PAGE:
There’s a good portion of me that believes I’m mad. Not mad, as in angry … Rather mad, as in crazy.

And I don’t necessarily think it’s a bad thing either.

As I mentioned in a previous post, I recently saw “Alice in Wonderland” with Hubby and our friend, J. And as we usually do after seeing a movie, we went out to eat so we could discuss our review of the movie.

While all of us agreed that the movie had some stunning visuals a la-Tim Burton style, we varied in our overall assessment in the movie. But, as I know that Hubby and J will likely write their own review of “Alice in Wonderland” … I’ll stick to my own review.

Simply put, I love pretty much all Tim Burton films. Well, except for “The Corpse Bride” and that’s only because I haven’t seen it yet. All of the movies have a certain charm to them, with characters that you can’t help but like.

“Alice in Wonderland” also has this bit of charm; Helena Bonham-Carter is excellent as the Queen of Hearts … I love that she’s this wicked queen with insecurity issues and a need to be loved. And Alice? Well I just totally fell in love with her. She’s smart. She’s brave. And she’s a little “mad” herself.

However, the movie has a few shortcomings; things that kill me to admit… While I love Johnny Depp’s performance of the Mad Hatter, I just didn’t get a good sense of character development. The same goes for Anne Hathaway’s White Queen.** But who knows? Maybe the DVD/Blu-Ray release will reveal more scenes that were cut from the final version of the film.

And while the ending is predictable (which movies aren’t anymore?), it would have been nice to see … or rather feel … more trepidation or angst leading up to the finale. And as much as it pains me to say this … There’s this bit part at the end involving the Mad Hatter that just seems altogether strange; at least in the anticlimactic timing of it.

Yet despite these shortcomings, it’s the overall message that this film provides that has me loving this film. In particular, it’s the opening scene that stole my heart.

This scene begins with Alice’s father passionately discussing the expansion of his “business,” outlining a trade route that, to his investors, sounded like an impossible feat. As he does this, he notices a young Alice in the doorway of his office. It’s late at night and Alice apparently woke up from a nightmare. So Alice’s dad excuses himself and brings Alice back up to her room and tucks her back in, all while Alice tells him about her strange nightmare that involved a talking rabbit and a mischievously grinning cat. Afterwards, she asks her father whether or not she’s gone mad. In which, her father touches her forehead and says, “I’m afraid so. You’re entirely bonkers.”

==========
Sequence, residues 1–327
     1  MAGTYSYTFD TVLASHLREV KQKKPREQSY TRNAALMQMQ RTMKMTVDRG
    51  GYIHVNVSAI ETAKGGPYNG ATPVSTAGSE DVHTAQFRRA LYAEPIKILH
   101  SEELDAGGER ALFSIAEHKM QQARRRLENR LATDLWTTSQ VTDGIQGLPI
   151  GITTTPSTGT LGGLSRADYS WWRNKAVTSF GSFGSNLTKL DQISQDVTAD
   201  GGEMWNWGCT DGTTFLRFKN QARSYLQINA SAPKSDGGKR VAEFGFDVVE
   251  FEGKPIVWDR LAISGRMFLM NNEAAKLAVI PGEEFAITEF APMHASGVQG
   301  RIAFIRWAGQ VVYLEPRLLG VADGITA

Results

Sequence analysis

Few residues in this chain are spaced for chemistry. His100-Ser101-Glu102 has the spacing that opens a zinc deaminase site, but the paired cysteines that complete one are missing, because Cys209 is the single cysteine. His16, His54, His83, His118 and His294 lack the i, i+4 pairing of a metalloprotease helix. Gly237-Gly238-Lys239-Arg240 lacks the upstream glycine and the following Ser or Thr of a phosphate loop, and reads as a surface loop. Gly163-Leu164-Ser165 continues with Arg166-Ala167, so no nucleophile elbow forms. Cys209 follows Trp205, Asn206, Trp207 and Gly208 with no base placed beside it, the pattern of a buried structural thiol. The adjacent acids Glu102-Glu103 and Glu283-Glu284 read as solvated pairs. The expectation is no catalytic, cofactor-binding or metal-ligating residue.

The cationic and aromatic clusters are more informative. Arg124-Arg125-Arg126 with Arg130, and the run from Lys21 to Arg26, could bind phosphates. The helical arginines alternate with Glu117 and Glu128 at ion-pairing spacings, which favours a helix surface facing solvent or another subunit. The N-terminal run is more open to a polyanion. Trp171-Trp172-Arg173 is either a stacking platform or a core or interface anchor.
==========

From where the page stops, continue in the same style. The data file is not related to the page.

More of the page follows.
“But I’ll tell you a secret,” Alice’s father adds, while Alice looked at him completely stunned. “All the best people are.”

It’s this message that gets carried throughout this film; the perception that Alice should not have to settle in life. Nor that she should be afraid to believe in herself. Whether it’s about accepting a marriage proposal to someone she doesn’t love … or whether it’s about believing that she is smart and brave in every day life. It’s about believing that she can be a little “bonkers” but still be strong.

And that’s the part of the movie that I can best relate to. That sometimes the craziest moments in life can also be the most rewarding.

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Daily Lenten Good Deed: Nothing beats finding money on the floor. Of course, if you just happen to see who dropped it … and that person wasn’t aware of the missing moolah … who’d know that it was you that took it? My conscience would. Which is why I did what any good person would do, which was let the person know that his cash had dropped out of his pocket.

 

Hubby is *MY* Mad Hatter!

Daily Lenten Thanks: After spending a weekend away from my other furbabies*** … I always miss them something fierce by the time I return home to them. And their constant need to cuddle with me for the first couple of days afterwards tells me that they missed me too. Today I’m so thankful I’ve got these two  furballs that provide me with all the unconditional love their little kitty hearts can give.

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** Although I admit that I’ve never completely read Lewis Carroll’s series of books on Alice; nor have I watched any movie versions. So maybe this is why I feel the lack of character development in this movie.

*** Because the third furbaby, Kozzy, always gets to come along on the five-hour car rides to and from Detroit.